Where Do You Give?

Shortcut Navigation:
Connect: Facebook Twitter Subscribe to RSS
Email updates

Empowering Children to Pursue Justice through Tzedakah

Trying to teach your children to give? Kveller recently posted a great article about teaching the value of tzedakah to your children.

In the article, Sara Shapiro-Plevan writes that “childhood is the ideal time to teach your child about justice from the Jewish perspective.”

I couldn’t agree more. At American Jewish World Service, Judaism’s imperative to pursue justice is central to our core values. As we dedicate ourselves to alleviating poverty, hunger and disease in the developing world, we do not view grantmaking to our grassroots partners as charity. Rather, we give grants in order to support others who are working towards a better, more just, world.

What’s great about Shapiro-Plevan’s article is that she takes teaching children about tzedakah to really mean teaching children about justice. She encourages parents to point out situations where children recognize an injustice in their world, such as when they see people who are homeless in their neighborhood, and use it as a learning experience. “Don’t explain away the issue,” she says, but use it as an opportunity to “explain that the world is indeed unfair, and that we can help make it fair and just.”

This is easy to do when you’re talking about people who your child might see every day, but what about bigger issues, like the famine in East Africa? How do you teach your child about injustices that we may not truly understand ourselves?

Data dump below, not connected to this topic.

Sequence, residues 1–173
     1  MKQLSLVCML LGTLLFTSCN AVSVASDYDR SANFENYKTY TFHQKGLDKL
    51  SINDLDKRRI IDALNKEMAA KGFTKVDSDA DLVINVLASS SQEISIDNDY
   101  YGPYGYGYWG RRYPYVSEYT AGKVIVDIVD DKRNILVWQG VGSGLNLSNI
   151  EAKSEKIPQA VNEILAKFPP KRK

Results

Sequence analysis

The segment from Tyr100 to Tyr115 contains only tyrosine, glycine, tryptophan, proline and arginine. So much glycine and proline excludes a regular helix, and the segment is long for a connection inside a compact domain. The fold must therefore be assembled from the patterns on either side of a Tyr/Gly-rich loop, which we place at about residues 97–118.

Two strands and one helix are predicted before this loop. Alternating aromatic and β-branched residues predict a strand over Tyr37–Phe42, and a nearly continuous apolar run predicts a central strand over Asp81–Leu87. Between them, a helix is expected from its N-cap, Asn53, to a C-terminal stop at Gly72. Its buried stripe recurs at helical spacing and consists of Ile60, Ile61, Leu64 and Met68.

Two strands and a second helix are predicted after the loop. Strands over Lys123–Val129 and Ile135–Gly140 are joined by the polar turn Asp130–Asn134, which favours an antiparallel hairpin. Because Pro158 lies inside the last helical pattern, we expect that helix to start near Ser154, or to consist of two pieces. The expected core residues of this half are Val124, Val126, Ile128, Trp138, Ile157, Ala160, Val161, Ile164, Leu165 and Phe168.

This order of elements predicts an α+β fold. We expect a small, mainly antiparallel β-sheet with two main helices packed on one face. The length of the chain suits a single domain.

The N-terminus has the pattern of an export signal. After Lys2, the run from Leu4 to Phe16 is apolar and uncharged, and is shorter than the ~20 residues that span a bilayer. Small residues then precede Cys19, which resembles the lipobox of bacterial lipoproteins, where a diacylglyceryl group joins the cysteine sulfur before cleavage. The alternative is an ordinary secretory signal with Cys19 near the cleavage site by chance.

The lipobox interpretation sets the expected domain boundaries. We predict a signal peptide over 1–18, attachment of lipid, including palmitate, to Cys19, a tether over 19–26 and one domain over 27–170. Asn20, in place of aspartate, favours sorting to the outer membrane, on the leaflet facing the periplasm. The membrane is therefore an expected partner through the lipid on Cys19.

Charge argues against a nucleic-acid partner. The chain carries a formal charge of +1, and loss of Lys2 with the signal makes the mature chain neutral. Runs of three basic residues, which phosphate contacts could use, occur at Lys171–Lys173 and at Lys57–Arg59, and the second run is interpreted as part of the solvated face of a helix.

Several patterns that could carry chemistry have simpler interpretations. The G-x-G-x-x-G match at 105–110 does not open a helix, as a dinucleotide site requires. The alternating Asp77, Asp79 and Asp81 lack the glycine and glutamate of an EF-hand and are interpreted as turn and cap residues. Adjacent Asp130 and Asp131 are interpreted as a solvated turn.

At AJWS, we’ve created some educational resources that can help you talk to your children about the developing world, such as disaster relief and the earthquake in Haiti. It’s a good place to start inspiring your children to develop a deep connection to causes in developing countries.

No matter where you start, when it comes down to it, don’t be afraid to talk to your children about what’s going on in the world. Learning about injustices now and what they can do to help will, as Shapiro-Plevan writes, “Help your child understand that in the end, one of the best ways to help make our world a more just, fair place is to share the resources we have with others who don’t have them.” In other words, it will help your child truly understand the values behind giving tzedakah.

Sasha

Sasha Feldstein is a program associate in the education and community engagement department at AJWS, where she manages WhereDoYouGive.org. Aside from wanting to be and play outside all of the time, she is interested in radical reconceptualizations of ancient traditions and in deeply exploring why we give, where we give, how we give and what it means to define giving tzedakah as pursuing justice. Sasha can be reached at sfeldstein@ajws.org.

Return to Blog Home